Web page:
As shown in FIG. 1, the diverter assembly 70 of the present invention in one embodiment is positioned between the second horizontal conveyor 60 and the third horizontal conveyor 80. The diverter 70 may include an endless narrow diverter belt 71 which is moved along an endless path transverse to the moving direction of conveyors 60, 80, and driven by a servo driven actuator motor (“actuator 75”) that controls the direction and velocity of the diverter belt 71.

In one preferred embodiment, the diverter 70 of the present invention uses a modified bilateral sorter similar to the type disclosed in commonly-owned U.S. Pat. No. 6,204,042, issued Jul. 24, 2001, which is incorporated herein by reference. The bilateral sorter may include an endless narrow belt having two spaced-apart sections where a series of cleats such as 72 are affixed to the narrow belt. The cleats are designed to carefully and gently push an object being diverted.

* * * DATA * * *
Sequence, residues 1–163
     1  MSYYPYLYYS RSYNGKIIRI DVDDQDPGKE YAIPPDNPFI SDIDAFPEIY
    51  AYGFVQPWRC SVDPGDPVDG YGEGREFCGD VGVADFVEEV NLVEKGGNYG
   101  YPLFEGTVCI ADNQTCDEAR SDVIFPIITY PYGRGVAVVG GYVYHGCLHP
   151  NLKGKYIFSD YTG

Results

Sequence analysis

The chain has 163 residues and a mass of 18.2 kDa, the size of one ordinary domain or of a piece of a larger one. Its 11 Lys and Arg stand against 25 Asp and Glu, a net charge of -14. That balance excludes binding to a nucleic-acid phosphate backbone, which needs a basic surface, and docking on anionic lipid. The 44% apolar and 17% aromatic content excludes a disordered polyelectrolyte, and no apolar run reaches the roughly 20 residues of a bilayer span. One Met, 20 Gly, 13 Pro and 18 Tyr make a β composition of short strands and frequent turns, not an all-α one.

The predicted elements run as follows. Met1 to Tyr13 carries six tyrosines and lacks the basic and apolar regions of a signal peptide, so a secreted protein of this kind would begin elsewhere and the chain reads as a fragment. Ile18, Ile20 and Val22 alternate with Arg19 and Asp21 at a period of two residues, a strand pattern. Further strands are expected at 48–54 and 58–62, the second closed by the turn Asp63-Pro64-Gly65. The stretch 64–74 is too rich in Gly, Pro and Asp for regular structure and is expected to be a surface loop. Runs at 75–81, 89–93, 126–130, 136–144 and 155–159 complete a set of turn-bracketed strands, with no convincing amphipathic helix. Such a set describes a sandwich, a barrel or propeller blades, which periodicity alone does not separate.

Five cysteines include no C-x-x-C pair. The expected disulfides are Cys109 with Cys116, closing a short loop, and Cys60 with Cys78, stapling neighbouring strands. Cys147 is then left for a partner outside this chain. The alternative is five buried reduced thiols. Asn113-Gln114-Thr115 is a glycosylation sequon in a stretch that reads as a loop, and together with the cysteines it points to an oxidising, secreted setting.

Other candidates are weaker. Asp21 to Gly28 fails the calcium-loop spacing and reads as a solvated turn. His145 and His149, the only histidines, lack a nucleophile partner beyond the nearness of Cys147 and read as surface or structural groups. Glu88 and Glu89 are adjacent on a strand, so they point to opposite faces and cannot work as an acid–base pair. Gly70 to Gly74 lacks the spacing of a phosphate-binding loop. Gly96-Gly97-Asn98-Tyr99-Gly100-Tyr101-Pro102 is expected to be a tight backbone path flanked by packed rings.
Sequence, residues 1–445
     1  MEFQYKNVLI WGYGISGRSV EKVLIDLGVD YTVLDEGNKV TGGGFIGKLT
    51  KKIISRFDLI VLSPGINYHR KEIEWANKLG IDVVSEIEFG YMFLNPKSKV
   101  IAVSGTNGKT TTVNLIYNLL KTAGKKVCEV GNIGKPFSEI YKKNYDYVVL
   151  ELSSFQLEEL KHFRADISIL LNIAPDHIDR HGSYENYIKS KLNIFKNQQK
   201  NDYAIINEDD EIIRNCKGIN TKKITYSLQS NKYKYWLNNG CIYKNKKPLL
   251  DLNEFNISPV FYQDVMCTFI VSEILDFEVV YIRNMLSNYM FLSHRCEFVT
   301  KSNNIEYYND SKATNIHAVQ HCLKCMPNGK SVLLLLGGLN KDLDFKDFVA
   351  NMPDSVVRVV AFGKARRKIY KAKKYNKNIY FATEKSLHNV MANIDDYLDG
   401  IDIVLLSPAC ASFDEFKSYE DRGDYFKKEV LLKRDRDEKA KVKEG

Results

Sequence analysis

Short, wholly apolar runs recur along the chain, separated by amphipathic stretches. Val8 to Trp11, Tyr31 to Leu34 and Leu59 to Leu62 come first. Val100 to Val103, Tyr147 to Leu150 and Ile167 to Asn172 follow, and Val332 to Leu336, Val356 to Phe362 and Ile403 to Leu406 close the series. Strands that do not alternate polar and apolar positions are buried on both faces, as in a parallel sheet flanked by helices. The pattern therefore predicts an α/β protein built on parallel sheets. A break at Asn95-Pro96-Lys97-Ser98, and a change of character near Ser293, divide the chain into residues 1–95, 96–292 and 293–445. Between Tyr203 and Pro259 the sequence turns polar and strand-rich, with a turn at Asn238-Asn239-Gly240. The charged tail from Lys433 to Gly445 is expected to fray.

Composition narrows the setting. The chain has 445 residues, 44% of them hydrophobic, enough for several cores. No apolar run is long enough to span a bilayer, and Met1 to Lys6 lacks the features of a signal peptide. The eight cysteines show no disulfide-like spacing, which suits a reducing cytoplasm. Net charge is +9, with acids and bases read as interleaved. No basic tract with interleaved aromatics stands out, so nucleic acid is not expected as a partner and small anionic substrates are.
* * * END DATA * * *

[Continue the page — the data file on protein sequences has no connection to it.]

The narrow belt of the bilateral sorter has a home position and an edge or “ready” position. The edge position represents the location of the narrow belt such that the first of the cleats is positioned close to where the near side edge of the footprint of the object 200 will pass when it reaches the bilateral sorter 70. Based upon the known location of the near side edge, the actuator 75 places the narrow belt of the bilateral sorter 70 at the edge position, to pre-position the narrow belt and ready the system to divert the object 200. This diversion is accomplished by contact of the cleat(s) with the surface which extends upwardly from the near side edge.